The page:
A critical care system must be based upon three main aspects: quality of care, teaching, and research.

Our hospital program focuses on the search for total quality, which is based upon an integrated information network that uses Ariane and various interconnected registries. Total quality management can be done in a multidisciplinary and retrospective way through morbidity-mortality meetings. Metacognition is taught to students through these meetings. Several committees focus on prospective quality management by developing markers based upon an integrated information network.

From an academic point of view, practical teaching is provided through a kinesiological approach that constitutes the basis for our teaching (learning through mental decomposition and representation).

Different undergraduate, postdoctoral and continuing medical education teaching programs speak of continuity and repetitions of learned concepts. Some prerequisites exist prior to covering care units for residents and supervisors.

Distance education through telemedicine and tele-learning is privileged, as well as an education network for virtual consultants.

This aspect of continuing education helps us break down the isolation of practitioners in regions, enable us to improve the quality of our transfers, and provide us with a supraregional vocation in critical care and traumatology.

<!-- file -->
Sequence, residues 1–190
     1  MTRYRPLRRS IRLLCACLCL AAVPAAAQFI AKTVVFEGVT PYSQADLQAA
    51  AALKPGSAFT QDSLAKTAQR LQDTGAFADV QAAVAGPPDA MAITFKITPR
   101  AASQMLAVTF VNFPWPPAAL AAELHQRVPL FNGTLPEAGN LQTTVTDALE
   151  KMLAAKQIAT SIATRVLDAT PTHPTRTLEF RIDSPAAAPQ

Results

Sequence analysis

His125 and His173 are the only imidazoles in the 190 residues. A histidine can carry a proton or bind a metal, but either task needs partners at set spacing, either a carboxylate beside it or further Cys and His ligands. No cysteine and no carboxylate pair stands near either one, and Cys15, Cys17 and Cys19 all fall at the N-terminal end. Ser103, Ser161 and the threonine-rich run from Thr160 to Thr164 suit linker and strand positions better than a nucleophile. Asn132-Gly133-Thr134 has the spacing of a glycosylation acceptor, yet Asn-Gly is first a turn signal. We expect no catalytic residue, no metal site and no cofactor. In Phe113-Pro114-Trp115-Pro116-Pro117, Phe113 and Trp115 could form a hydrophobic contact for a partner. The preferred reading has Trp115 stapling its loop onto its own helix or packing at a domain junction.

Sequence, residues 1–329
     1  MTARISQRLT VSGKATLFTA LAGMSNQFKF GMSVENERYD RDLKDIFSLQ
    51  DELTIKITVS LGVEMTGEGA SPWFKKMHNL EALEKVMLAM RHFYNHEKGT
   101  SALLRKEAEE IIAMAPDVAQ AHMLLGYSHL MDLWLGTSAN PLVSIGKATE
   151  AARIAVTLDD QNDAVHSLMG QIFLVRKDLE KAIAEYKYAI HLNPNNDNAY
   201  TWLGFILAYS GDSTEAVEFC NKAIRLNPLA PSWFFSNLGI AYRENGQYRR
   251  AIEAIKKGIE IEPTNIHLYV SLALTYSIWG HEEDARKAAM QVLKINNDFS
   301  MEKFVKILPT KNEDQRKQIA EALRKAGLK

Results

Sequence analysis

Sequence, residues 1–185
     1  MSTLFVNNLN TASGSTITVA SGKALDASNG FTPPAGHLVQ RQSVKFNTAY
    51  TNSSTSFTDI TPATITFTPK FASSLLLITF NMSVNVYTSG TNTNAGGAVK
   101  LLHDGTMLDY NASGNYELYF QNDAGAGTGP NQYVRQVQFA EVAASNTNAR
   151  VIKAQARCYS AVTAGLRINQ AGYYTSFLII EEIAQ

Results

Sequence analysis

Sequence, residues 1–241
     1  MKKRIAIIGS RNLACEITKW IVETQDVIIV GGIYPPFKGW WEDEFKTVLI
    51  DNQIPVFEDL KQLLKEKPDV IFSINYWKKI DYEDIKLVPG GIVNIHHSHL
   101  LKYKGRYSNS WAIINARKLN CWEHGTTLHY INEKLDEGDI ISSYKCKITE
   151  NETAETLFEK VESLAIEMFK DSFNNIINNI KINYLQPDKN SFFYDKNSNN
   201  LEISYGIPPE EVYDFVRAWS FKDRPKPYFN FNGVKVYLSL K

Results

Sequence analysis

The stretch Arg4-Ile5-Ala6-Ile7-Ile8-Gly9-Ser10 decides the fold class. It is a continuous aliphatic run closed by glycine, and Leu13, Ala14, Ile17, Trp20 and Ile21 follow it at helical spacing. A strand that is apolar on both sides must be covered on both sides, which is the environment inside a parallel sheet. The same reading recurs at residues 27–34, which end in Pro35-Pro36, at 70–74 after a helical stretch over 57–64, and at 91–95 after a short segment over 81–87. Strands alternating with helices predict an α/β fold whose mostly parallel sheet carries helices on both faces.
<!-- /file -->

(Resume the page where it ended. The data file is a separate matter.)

With regards to our research programs, they are, in terms of quality, at the interface level between the various registries to discover new quality markers and the fact that the integrated information network should bring us to consider the final product, i.e. social reintegration.

What are our long-term results?

The multidisciplinary aspect of the search for total quality is prioritized.

In continuing education, how to teach tele-learning and telepresence to virtual consultants?

In kinesiology, what is the role of the mental representation of gesture in learning retention?


The whole system is based upon the quality of care, quality of teaching and its continuity, and research productivity.

Kinesiologists, image engineers, directors of new technology assessment, quality engineers, and other health professionals work side by side.

We have briefly described our critical care system at the Université de Sherbrooke. This quality-based system has been discussed in various congresses in the province of Quebec, Canada, and the United States. We actually offer consulting services in the province of Quebec and the United States regarding the implementation of such a system.